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[Editorial] Free lunch poll

“Are you in favor of providing free school lunch ― by stages until 2014 ― for students from families in the lower 50 percent income level?”

“Are you in favor of providing free school lunch for all students regardless of their families’ income level ― from this year at elementary schools and from next year at middle schools?”

The above are the two questions that will be asked to Seoul citizens when a referendum is held late in August at the initiative of Seoul Mayor Oh Se-hoon. A coalition of some 160 conservative civic groups that has supported Mayor Oh in his showdown with the Democratic Party-dominated city council on the free school lunch controversy has successfully collected citizens’ signatures beyond the minimum required number to request a city-wide referendum.

The wording may be modified a little, as the DP members in the city council raised objection to some expressions. But the choice will be between all students and the poorer half as beneficiaries of the welfare program. And the capital city will be stirred by a costly and noisy partisan campaign which will likely be a prelude to the parliamentary and presidential elections next year.

The local referendum law prohibits direct involvement of political parties in referendum at local autonomous units but their provincial and municipal branches can engage in a variety of publicity activities to collect votes. The city will have to spend up to 18 billion won ($17 million) to hold the poll, in addition to expenses to publicize its position as a directly concerned party.

It is truly regrettable that the dispute over feeding our children at school has developed to a political conflict of this magnitude. A liberal surge in last year’s local elections brought about the opposition DP’s dominance of the city council and installed a left-wing figure as the education chief of the capital city for the first time. The reelected conservative mayor soon clashed with the city council as it passed an edict to support new Education Superintendent Kwak No-hyun’s policy of providing free lunches for all elementary students.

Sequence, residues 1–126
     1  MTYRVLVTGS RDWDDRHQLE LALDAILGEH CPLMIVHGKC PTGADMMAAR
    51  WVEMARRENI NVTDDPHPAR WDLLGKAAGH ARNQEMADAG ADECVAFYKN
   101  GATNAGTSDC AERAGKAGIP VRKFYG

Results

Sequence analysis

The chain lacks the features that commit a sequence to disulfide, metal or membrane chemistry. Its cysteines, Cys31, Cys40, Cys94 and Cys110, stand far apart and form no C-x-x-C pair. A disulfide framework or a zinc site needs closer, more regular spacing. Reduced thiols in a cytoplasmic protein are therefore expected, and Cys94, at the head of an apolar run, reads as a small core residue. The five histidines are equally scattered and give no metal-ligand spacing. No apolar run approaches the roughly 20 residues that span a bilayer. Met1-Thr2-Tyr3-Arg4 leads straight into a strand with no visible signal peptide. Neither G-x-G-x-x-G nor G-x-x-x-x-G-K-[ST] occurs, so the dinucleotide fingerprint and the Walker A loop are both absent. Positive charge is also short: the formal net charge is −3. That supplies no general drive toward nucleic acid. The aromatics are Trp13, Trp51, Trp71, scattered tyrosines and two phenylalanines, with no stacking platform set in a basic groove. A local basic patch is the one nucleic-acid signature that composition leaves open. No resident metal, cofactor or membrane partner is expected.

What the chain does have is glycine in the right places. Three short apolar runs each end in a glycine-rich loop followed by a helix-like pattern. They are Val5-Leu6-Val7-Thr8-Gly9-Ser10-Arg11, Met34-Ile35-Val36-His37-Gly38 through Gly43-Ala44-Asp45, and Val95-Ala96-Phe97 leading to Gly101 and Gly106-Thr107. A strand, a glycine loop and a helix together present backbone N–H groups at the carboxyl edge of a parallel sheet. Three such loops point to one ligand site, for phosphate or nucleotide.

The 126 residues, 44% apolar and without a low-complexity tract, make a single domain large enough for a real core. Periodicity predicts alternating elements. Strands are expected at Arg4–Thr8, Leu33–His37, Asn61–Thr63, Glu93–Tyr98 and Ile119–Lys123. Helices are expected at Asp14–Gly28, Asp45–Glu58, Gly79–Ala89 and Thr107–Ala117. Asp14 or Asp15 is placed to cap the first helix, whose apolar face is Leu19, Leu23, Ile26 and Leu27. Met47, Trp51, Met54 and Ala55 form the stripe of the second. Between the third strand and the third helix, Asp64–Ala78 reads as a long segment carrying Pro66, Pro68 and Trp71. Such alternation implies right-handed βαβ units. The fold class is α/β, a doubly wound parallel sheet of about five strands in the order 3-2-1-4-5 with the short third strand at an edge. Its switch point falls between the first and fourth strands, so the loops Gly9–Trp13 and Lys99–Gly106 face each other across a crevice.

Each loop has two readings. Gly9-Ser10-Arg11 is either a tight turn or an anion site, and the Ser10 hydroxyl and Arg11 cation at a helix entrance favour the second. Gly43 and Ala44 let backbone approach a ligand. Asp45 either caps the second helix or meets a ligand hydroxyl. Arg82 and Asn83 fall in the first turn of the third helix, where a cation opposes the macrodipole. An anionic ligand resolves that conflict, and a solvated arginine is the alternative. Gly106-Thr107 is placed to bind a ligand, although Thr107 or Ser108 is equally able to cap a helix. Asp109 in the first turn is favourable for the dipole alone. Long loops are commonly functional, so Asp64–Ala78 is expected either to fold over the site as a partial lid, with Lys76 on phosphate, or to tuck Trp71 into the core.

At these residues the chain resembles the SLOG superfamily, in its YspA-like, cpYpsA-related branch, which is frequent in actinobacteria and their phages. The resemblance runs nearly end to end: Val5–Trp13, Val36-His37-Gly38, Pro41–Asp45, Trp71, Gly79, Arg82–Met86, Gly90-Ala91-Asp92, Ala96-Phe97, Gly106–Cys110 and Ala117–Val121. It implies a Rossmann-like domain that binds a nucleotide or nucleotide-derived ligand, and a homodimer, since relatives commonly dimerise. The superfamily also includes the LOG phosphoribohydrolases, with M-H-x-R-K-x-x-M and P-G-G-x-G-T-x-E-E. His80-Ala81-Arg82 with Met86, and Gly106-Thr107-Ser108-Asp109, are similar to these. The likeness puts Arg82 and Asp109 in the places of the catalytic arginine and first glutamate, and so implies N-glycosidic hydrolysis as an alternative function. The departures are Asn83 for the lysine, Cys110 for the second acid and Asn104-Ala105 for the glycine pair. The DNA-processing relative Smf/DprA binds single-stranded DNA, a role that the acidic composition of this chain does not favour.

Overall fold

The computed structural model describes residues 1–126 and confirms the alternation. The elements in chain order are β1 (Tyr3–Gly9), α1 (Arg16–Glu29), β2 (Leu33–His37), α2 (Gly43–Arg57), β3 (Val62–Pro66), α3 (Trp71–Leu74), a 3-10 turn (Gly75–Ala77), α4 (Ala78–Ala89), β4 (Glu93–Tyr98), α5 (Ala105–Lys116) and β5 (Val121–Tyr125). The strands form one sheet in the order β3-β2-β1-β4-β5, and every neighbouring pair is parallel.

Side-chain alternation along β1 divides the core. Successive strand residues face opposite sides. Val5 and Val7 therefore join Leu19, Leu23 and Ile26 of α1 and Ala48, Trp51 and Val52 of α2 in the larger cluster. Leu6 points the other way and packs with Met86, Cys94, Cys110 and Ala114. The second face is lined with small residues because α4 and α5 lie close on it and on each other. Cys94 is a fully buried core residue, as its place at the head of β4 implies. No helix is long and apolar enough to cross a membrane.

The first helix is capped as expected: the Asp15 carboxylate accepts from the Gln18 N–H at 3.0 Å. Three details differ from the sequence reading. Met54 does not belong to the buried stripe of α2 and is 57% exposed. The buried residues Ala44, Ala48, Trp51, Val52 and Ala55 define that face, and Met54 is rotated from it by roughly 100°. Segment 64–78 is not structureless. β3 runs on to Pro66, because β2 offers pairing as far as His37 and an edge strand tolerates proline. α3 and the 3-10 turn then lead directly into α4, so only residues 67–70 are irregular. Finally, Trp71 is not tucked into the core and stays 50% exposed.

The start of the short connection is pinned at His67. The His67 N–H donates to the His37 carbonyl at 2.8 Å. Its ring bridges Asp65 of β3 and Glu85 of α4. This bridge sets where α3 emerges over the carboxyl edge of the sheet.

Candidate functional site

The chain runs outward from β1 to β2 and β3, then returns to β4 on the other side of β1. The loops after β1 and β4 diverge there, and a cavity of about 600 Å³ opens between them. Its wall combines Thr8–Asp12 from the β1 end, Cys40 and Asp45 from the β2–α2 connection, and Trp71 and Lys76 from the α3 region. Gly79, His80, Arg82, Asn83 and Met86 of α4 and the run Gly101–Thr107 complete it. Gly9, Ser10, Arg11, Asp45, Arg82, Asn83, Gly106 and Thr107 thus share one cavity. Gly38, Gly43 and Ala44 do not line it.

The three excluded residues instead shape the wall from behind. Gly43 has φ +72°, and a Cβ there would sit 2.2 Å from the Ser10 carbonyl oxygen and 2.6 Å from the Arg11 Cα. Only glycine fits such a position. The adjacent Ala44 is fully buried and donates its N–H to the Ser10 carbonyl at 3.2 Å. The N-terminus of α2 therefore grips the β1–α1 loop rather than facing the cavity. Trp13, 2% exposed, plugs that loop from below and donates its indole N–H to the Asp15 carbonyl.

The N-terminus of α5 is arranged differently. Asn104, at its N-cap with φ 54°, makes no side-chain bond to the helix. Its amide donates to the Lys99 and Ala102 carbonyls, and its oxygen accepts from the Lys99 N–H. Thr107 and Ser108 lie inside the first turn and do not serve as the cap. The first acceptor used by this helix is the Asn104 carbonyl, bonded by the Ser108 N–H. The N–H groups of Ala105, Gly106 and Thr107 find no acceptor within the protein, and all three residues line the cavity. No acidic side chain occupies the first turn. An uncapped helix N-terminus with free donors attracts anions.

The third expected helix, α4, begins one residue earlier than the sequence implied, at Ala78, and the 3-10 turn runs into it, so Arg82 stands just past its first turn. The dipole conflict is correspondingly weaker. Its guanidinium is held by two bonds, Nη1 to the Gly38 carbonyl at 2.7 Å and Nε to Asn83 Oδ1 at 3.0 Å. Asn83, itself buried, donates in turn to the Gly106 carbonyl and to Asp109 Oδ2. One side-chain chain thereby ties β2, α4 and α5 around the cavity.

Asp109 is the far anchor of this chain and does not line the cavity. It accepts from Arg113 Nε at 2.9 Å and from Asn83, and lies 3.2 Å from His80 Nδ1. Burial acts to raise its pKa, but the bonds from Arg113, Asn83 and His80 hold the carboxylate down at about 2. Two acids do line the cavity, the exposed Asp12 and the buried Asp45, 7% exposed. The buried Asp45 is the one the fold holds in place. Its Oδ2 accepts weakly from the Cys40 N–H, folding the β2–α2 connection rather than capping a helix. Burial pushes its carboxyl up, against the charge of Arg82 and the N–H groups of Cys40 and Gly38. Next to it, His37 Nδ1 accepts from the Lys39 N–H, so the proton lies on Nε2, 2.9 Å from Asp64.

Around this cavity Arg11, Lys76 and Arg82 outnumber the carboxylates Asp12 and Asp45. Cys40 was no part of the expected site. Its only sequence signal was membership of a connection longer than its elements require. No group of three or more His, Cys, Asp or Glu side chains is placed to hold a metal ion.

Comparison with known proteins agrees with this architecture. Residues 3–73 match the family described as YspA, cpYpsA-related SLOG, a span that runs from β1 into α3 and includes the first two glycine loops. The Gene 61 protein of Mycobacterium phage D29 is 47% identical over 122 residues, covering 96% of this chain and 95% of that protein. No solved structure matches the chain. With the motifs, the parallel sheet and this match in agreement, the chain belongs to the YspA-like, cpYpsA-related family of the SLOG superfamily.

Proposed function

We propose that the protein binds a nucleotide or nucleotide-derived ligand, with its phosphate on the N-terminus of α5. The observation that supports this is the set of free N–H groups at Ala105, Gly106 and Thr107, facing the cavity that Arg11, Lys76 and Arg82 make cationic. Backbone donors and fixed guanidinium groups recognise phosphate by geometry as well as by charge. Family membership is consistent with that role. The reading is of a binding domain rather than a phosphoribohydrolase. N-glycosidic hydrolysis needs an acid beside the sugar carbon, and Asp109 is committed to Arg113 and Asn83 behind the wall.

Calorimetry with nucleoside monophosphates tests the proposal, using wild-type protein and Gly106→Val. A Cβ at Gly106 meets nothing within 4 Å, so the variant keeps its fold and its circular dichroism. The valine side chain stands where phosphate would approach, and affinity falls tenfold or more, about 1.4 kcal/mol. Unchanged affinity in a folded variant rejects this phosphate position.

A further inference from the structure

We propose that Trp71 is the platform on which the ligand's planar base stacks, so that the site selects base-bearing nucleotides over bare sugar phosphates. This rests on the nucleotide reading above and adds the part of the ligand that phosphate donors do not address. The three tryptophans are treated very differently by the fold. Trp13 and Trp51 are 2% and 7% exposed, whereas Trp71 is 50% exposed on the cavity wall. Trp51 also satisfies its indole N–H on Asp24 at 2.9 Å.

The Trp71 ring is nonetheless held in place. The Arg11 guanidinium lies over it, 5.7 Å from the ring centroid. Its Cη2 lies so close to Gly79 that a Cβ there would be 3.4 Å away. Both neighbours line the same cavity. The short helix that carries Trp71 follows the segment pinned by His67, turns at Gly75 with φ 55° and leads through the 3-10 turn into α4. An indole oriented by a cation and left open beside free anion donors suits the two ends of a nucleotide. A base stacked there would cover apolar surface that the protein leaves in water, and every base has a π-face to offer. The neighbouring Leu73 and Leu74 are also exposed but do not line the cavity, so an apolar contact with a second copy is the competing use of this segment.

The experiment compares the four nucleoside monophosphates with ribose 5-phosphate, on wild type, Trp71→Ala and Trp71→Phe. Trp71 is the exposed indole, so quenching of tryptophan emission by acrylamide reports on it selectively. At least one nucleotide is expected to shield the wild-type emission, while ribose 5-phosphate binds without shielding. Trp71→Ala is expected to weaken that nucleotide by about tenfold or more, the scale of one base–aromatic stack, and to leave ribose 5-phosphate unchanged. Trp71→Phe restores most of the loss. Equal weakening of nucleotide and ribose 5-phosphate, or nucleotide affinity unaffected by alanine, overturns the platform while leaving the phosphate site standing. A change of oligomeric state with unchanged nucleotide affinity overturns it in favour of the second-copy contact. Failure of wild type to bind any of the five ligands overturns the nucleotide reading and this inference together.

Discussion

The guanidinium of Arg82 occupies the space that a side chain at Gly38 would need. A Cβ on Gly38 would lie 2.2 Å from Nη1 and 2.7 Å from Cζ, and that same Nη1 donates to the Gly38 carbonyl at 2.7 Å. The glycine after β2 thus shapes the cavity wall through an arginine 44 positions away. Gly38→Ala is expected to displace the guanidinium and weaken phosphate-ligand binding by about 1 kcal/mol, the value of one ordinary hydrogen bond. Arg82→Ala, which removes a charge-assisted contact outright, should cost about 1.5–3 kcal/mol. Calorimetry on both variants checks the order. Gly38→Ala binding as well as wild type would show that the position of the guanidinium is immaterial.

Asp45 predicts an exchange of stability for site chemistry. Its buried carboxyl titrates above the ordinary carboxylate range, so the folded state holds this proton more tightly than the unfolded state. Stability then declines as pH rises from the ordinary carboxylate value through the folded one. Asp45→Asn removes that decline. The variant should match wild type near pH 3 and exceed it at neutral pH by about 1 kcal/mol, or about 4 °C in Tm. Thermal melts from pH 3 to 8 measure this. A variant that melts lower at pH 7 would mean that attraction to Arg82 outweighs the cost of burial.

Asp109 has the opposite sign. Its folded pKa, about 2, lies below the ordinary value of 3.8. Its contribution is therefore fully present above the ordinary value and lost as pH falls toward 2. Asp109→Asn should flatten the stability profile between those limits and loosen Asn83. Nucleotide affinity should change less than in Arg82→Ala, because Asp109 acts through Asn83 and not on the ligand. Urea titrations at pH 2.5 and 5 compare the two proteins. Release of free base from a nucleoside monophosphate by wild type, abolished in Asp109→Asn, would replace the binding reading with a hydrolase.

Oh Se-hoon was compelled to resist the city council’s interference with city administration with its budget power. But many wonder whether Oh would still have opted for a free-school-lunch referendum, unprecedented in municipal or national politics anywhere in the world, if he did not have presidential ambitions. Leaders of his Grand National Party shared apprehension about Oh’s referendum venture which will have a serious ripple effect on the party.

However, they mostly have shifted to supporting Oh since the National Anti-Populism Union collected enough signatures to request the vote and the welfare populism issue emerged as the vital political agenda that will dominate the elections next year. Media opinion polls forecasting Oh’s victory also pushed the ruling party to offer positive help to the Seoul mayor.

The conservative forces regard the free lunch vote as a good opportunity to stem the tide of the populism offensive of the leftists which has stretched to free medical services, half-price university tuition and other areas. They wanted to draw a Maginot line in the so-called grassroots-friendly policies, reminded by President Lee Myung-bak’s recent exhortation to take the center-right course instead of veering into an obscure center-left one.

The risk is too high for both Mayor Oh and the opposition members of the city council, and their supporters in the rival parties. As for Oh, a defeat in the vote will mean an early exit from the presidential race, although he hinted he would still not give up his mayorship. An opposition loss in the referendum in Seoul would mark a turning of tide after a winning streak in parliamentary by-elections and local elections over the past three and a half years.

A little more than a month is left until the referendum, a one-day event which critics say will cost nearly a third of the money needed to give free lunches to all elementary school students in Seoul for a year. The possibility of a compromise is not totally closed, as both sides now argue about implementing their respective plans “in stages.” Standing on the brink of a precipice, they should seek a sincere dialogue to find a win-win solution, which still looks not impossible.
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